At perhaps 7pm last night we arrived alongside the river in a nearby town to board a huge river-boat for the evening – to meet up with all the current, and some of the past staff from the company I work for, along with their better halves for a relaxed evening celebrating 30 years since the founding of the company.
We arrived a little early, and wandered along the road to a nearby bar where word had it a number of co-workers could already be found. I ordered a glass of wine myself, and a Pimms for my other half, before joining everybody in the garden. Everybody seemed suitably amused with the plastic wine glass I was given.
Time ticked on – in the way it typically tends to – and before we knew it, we were downing drinks, and wandering along the quayside to the New Orleans style river boat sitting in wait. The car park was full to brimming with people on our return – faces both old and new – in some ways it was quite intimidating, approaching them all, and making conversation.
I don’t do well in group situations. I was always a shy kid – always a bit gawky – and have always defeated it by kind of switching into “outgoing mode” – which I did – laughing, joking, and reminiscing with everybody about places, projects, and people we have worked with over the years.
There were gasps of surprise when people discovered I was in my 15th year with the company – mainly because until recently I had tended to look like I was about 15 years old (and act like it, if you listen to my other half). I of course pointed out the whisps of grey hair appearing on my temples, and that I would probably look like Reed Richards by next year (they had no clue who I meant, but went along with it – Reed Richards is Mr Fantastic, from the Fantastic Four, if you were curious).
The boat was amazing. While boarding the crew lined up in their faux Royal Navy uniforms, and shepherded us towards the downstairs bar, where glasses of champagne awaited. We spent perhaps the first half hour of the trip crammed into the lounge area, making polite conversation and nursing our drinks, before one or two of us approached the bar to order further drinks. Imagine our surprise when we discovered it was an open bar. Also imagine the faces of others when we told them. I’m amazed the entire boat didn’t list to one side.
A few of us made it out onto the roof of the boat to watch the river go by, and the sun set. I hadn’t brought a coat, so didn’t stay out for long, but eventually found my way back down in time for dinner to be served.
After queing for food from the buffet, and entertaining everybody greatly when I asked “can I have a bit of everything?”, I somehow ended up on a table filled with the people I have worked with the longest. I can’t remember laughing so much in an evening – my face hurt as stories were told, and drinks consumed.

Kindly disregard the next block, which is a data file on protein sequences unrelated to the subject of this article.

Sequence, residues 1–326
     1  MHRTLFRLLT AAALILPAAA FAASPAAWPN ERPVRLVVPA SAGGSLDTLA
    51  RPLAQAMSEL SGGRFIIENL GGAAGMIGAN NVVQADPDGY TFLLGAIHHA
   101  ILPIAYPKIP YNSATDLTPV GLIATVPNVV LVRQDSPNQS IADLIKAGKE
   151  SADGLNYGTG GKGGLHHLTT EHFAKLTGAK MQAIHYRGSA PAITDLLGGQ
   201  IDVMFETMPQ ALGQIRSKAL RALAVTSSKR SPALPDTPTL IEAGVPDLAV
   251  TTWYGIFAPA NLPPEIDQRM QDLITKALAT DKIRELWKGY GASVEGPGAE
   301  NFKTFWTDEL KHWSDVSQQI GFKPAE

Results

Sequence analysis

Presently the managing directory of the company stood at the end of the room to make the customary speech. He told more stories, and pretty much had the room in the palm of his hand – and then did something nobody expected. He went around the dining room, staff member by staff member, telling everybody else a little bit about them. I’ll save you from the words about everybody else, but will share what I remember of mine;
“Jonathan. Where do we start with Jonathan? He seems to know everything. When you ask him something, he starts answering the question you didn’t realise you were really asking before you’ve finished asking the wrong question – and he seems to remember everything he’s ever read too – ‘I saw an article about this or that, a few years ago’.”
He then went on to say what a pleasure I was to work with while I looked down at my drink, and grinned, feeling like I was ten feet tall. My other half leaned across the table towards me, and translated for everybody – “he just means you’re a huge nerd”. The table fell about laughing, and so did I. It was true. And I was back to my normal height again.
The rest of the evening flew by. I didn’t get to talk to half the people I really wanted to – I guess because I’ve worked there for so long, everybody knows me, so every step through the crowd turned into another conversation, more memories, more drinks, and more laughter.
Before we knew it the boat had moored back up, and the clock was about to strike midnight. Our carriage home arrived (a taxi, ordered by friends), and I was given charge of a box of cup-cakes. They had been on a table near the exit of the boat – we were told to “take some home”. We took a box full.
I slept like a log last night, and miraculously woke early, was up, made breakfast with the kids, had a shower, got dressed, and watched a few TV shows with them. Then, mid-morning, I think the cocktail of food and drink hit me, and my body reminded me that I’m really not twenty years old any more. To combat the growing rebellion going on internally, I fell asleep on the sofa in the living room, and didn’t wake up until mid afternoon. My other half asked “why don’t you go to bed”, but the sleep had worked some kind of magic. I still don’t feel great, but I’m lucid enough to sit and write this before everything leaves my head.
Thank the maker that we had nothing else planned this weekend.